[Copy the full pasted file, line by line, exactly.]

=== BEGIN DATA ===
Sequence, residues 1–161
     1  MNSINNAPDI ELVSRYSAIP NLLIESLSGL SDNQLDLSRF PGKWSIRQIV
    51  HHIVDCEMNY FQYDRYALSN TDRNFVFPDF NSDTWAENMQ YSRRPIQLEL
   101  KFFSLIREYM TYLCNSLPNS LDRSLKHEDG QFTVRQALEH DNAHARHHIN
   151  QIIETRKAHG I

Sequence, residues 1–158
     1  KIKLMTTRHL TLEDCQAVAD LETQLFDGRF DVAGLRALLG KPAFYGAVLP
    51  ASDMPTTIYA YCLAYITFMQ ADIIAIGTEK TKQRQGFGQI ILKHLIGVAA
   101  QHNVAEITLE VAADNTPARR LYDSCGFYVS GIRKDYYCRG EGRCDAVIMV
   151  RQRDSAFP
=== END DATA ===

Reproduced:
Sequence, residues 1–161
     1  MNSINNAPDI ELVSRYSAIP NLLIESLSGL SDNQLDLSRF PGKWSIRQIV
    51  HHIVDCEMNY FQYDRYALSN TDRNFVFPDF NSDTWAENMQ YSRRPIQLEL
   101  KFFSLIREYM TYLCNSLPNS LDRSLKHEDG QFTVRQALEH DNAHARHHIN
   151  QIIETRKAHG I

Sequence, residues 1–158
     1  KIKLMTTRHL TLEDCQAVAD LETQLFDGRF DVAGLRALLG KPAFYGAVLP
    51  ASDMPTTIYA YCLAYITFMQ ADIIAIGTEK TKQRQGFGQI ILKHLIGVAA
   101  QHNVAEITLE VAADNTPARR LYDSCGFYVS GIRKDYYCRG EGRCDAVIMV
   151  RQRDSAFP